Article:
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Autism and Art

Autism and Art

Students with autism often have a difficult time with verbal and social communication and art can serve as a vehicle for communication while supporting strengths and encouraging self-esteem. As an art teacher, you likely have many students in your classroom, and working with students with Autism Spectrum Disorder (ASD) can bring a unique set of challenges. With few art teachers having specialized training in working with students on the spectrum, we are often left to our own intuition. All students deserve individualized education, and for our students with special needs, compliance with their needs is also the law!  

During this course, you will gain a foundational understanding concerning students on the autism spectrum and special education law. You will learn strategies for developing authentic art experiences for students will also addressing sensory needs in the art room. This course provides opportunities to create instructional tools which support routines and transitions, and facilitates valuable practice when it comes to decoding students’ behavior. As a result of this course, you will walk away with a variety of strategies and ideas to improve your practice and share amongst colleagues.

Participants will need to purchase a copy of the book Ten Things Every Child with Autism Wishes You Knew by Ellen Notbohm (2012).

ISBN-10: 1935274651

Graduate Credits
All courses will now close at 11 PM Central time on the 27th of each month. Graduate Credits 2 Graduate Credits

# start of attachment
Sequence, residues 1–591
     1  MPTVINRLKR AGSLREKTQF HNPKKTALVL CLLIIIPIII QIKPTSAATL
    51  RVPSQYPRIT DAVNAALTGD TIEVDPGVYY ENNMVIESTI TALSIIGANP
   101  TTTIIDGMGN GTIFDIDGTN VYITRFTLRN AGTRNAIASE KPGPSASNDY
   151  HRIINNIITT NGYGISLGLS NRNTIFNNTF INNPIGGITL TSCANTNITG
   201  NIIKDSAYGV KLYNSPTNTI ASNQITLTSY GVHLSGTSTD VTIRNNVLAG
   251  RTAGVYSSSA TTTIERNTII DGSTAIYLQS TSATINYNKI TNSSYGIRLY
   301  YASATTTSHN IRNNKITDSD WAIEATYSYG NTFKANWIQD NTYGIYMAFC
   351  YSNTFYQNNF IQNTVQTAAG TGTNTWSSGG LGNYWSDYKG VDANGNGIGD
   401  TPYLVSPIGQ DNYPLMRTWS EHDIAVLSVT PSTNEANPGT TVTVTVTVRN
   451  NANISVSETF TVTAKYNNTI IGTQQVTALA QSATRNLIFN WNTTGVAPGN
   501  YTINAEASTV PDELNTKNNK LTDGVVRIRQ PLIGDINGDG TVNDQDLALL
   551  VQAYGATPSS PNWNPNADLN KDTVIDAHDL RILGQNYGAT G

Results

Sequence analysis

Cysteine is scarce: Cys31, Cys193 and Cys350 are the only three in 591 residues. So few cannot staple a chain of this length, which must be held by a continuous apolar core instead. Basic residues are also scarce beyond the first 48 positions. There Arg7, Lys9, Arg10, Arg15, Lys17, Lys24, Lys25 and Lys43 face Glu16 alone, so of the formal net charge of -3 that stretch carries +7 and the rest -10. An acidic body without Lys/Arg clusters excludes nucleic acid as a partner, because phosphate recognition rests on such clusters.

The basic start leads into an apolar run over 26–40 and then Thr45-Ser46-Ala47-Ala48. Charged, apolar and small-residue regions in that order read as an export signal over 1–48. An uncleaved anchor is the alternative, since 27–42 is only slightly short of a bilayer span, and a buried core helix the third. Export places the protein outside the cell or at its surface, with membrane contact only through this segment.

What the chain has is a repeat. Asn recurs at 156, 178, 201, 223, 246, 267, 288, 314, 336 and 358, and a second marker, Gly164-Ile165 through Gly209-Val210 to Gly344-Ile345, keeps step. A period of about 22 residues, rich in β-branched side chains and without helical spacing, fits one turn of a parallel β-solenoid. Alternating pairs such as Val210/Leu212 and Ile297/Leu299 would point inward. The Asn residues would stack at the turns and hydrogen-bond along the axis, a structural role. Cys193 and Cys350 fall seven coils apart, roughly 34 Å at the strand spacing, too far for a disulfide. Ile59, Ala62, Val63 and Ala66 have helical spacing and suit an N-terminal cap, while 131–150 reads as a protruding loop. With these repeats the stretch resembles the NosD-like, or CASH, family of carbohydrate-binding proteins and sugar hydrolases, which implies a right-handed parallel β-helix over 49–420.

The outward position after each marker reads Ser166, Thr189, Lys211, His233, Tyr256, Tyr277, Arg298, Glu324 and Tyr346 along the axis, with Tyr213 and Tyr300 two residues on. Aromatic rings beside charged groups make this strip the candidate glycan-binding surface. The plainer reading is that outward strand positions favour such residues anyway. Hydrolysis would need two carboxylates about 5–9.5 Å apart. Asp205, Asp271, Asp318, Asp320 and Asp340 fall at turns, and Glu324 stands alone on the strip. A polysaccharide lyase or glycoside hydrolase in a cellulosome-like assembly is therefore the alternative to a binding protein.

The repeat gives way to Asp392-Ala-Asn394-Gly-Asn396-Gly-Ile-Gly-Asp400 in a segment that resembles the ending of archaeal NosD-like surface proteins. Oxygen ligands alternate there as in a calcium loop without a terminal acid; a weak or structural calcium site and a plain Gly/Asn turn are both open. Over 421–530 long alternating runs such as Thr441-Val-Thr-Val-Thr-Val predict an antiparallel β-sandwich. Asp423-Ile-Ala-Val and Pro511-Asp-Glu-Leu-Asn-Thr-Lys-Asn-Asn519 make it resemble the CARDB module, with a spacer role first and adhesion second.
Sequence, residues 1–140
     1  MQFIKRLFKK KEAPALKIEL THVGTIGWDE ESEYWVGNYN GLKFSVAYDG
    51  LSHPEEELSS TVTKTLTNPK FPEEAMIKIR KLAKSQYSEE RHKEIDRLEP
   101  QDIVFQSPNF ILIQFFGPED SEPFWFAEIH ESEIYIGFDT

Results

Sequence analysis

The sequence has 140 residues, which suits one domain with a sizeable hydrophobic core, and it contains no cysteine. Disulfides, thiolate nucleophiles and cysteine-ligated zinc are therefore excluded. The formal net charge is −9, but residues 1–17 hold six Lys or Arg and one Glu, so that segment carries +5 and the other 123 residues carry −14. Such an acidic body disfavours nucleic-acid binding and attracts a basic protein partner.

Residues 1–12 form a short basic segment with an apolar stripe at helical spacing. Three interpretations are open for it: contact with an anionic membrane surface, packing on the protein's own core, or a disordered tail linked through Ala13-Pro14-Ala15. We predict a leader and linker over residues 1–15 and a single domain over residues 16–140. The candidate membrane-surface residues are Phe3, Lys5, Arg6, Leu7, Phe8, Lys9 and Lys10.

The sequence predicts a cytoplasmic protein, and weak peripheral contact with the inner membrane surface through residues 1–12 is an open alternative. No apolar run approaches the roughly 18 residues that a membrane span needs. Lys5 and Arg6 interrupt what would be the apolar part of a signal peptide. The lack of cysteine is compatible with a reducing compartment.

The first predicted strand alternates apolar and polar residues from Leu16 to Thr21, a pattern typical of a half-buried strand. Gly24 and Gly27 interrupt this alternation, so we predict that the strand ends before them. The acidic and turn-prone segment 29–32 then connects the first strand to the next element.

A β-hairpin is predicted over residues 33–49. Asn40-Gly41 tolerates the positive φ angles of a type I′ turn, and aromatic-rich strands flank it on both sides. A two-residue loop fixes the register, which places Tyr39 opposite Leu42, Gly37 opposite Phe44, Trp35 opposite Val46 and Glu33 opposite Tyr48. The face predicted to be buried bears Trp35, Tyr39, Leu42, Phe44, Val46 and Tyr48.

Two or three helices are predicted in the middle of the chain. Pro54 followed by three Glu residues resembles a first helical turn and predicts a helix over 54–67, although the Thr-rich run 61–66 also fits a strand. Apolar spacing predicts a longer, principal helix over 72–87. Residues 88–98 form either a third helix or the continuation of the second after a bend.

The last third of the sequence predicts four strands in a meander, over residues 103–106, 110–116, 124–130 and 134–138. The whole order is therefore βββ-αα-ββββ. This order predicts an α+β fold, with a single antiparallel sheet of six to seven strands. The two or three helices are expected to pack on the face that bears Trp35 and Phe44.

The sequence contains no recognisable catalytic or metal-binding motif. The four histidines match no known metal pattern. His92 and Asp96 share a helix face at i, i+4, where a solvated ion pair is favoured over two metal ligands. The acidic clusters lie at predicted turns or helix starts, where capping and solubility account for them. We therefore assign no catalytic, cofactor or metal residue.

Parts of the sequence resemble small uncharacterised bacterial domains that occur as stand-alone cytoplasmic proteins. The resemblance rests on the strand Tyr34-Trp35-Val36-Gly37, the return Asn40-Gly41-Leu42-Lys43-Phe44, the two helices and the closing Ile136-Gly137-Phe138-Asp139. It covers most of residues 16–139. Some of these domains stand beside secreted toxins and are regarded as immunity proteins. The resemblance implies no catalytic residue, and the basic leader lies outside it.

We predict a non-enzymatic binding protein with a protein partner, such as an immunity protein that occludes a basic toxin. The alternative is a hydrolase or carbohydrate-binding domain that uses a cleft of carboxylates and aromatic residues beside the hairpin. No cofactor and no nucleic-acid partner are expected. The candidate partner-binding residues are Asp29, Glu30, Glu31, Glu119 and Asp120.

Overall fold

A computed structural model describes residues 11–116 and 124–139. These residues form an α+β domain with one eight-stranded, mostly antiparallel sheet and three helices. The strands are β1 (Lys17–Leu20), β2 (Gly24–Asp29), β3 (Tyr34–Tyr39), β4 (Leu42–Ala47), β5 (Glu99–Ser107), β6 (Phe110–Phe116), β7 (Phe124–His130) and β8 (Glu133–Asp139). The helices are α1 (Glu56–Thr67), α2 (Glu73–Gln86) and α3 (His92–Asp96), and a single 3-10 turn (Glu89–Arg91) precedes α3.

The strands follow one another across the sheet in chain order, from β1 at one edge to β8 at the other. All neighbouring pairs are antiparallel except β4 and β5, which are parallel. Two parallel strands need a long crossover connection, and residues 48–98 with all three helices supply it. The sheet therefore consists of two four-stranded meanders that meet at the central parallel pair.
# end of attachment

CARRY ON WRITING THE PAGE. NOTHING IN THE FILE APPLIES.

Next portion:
Price Graduate Credit $698.00
Upcoming Course Run Dates
May 1 Jun 30
Jun 1 Jul 31
Jul 1 Aug 31
Aug 1 Sep 30
AOEU Course Code
Morningside Course Code
EDUC500 AOE003

Course Outcomes

  • Understand autism spectrum disorder and identify best practices to reach and teach the students in your art room.
  • Cultivate an understanding of special education law and how it can empower your teaching and support your practice.
  • Create resources and instructional materials for immediate use in your art room.
  • Implement systems and routines to make your art room a welcoming place for students with autism.
  • Learn about the function of behavior to inform the strategies and plans to best handle challenging behaviors.
  • Identify professionals in your building and engage in proactive and positive conversations to support your students in reaching their academic and creative goals.
  • Build and reference a library of resources which address the needs of diverse learners.

Course Breakdown

Week 1
Introduction to Autism Spectrum Disorder
  1. Verify your own initial understandings concerning autism.
  2. Build knowledge of autism spectrum disorder and how it presents differently in students.
  3. Use foundational knowledge to set goals for the course and professional learning.
Week 2
Empower Yourself Through Special Education Law
  1. Learn about the Individuals with Disabilities Education Act and how it can empower you and your practice.
  2. Understand and utilize appropriate special education vocabulary while discussing students, standards, and teaching practice.
Week 3
Therapies and Interventions
  1. Take a closer look at strategies for teaching and a multitude of interventions for students with autism.